NASA’s Mars rover Perseverance’s first attempt to collect a sample of Martian rock was unsuccessful. That says the space agency, based on data sent to Earth by Perseverance.
“Data sent to Earth by NASA’s Perseverance rover after its first attempt to collect a rock sample on Mars and seal it in a sample tube indicates that no rock was collected during the initial sampling activity” NASA writes.
According to the space agency, the drill, coring bit and titanium sample tube worked “as intended.” At the end of this fully autonomous collection process, the volume of the sample is measured. “The probe did not meet the expected resistance that there would be if there was a sample in the tube,” NASA writes.
The Perseverance team investigates what went wrong. Perseverance will continue to explore Jezero crater, according to NASA, while the team on Earth “evaluates its activities.” The first impression, according to NASA, is that the rock object did not react as the organization expected. A hardware problem is less likely, NASA reports.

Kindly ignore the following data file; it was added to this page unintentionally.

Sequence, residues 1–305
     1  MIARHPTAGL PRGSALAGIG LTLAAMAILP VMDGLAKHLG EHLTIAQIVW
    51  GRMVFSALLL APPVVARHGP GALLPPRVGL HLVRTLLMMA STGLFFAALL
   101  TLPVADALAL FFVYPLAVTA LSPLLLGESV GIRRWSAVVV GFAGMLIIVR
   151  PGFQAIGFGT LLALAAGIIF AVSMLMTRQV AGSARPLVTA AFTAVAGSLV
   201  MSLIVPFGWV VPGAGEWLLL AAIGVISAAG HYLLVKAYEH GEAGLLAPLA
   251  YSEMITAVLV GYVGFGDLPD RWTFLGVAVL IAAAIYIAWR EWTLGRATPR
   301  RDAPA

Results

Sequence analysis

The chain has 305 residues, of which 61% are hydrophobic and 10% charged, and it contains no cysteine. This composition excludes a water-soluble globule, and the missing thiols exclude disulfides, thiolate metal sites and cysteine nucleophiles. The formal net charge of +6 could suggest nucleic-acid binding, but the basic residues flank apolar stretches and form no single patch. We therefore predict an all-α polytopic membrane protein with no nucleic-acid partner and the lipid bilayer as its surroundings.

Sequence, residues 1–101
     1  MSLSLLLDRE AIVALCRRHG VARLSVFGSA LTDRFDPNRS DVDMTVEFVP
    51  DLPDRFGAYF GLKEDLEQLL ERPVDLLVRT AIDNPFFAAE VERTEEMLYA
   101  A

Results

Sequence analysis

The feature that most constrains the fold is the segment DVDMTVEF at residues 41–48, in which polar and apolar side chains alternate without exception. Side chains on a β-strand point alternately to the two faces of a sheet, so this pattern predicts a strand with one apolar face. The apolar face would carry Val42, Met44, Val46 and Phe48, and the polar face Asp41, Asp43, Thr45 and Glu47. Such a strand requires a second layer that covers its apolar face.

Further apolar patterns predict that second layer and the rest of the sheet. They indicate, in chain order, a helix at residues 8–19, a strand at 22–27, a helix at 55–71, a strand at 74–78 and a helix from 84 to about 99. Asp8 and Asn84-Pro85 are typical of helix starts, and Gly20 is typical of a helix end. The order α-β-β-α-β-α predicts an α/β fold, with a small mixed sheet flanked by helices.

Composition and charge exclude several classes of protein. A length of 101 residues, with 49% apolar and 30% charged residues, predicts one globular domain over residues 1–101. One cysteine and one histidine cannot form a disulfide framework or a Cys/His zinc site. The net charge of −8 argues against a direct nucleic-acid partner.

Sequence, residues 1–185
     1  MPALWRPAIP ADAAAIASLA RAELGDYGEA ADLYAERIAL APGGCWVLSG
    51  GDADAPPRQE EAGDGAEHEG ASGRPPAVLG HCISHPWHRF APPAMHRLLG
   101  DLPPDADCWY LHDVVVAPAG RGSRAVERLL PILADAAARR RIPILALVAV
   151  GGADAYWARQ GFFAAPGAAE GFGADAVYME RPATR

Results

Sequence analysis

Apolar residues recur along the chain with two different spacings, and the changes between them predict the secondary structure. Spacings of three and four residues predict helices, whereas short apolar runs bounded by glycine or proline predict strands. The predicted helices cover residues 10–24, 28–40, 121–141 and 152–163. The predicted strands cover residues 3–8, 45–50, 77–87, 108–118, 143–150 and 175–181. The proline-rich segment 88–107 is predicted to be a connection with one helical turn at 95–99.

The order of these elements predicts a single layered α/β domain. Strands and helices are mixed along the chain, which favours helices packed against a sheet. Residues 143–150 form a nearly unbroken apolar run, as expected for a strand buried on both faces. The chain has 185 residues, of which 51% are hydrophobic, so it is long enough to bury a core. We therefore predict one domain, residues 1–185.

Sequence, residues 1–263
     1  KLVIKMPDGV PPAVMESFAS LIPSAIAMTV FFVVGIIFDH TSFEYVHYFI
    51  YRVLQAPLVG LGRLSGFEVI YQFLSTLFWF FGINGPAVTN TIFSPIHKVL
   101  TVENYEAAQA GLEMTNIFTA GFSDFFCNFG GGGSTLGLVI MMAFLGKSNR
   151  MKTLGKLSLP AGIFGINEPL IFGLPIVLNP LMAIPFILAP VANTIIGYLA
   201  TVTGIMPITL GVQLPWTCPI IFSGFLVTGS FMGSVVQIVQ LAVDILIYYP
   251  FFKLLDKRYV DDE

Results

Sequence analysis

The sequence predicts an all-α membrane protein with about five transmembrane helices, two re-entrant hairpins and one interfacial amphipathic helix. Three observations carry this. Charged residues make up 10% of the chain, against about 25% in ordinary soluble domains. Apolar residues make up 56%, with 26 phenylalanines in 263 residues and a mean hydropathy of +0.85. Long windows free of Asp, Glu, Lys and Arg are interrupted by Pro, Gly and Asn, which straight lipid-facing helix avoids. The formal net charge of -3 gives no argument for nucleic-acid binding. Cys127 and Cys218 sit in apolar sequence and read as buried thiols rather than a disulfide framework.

Perseverance examines this Jezero crater on the Martian landscape for signs of past life and collects samples of rocks and the ground there. The first attempt to do so was therefore unsuccessful, but Perseverance has a total of 43 titanium tubes for soil samples. According to NASA’s plans, at least 20 of these should be filled with samples from the Martian soil.
“While this isn’t the hole-in-one we hoped for, there are always risks associated with breaking new ground,” writes Thomas Zurbuchen, associate administrator of NASA’s Science Mission directorate. “I am confident we have the right team working on this and we will continue to find a solution to ensure future success.”
The sample tube (left) and borehole from Perseverance’s first collection attempt. Images via NASA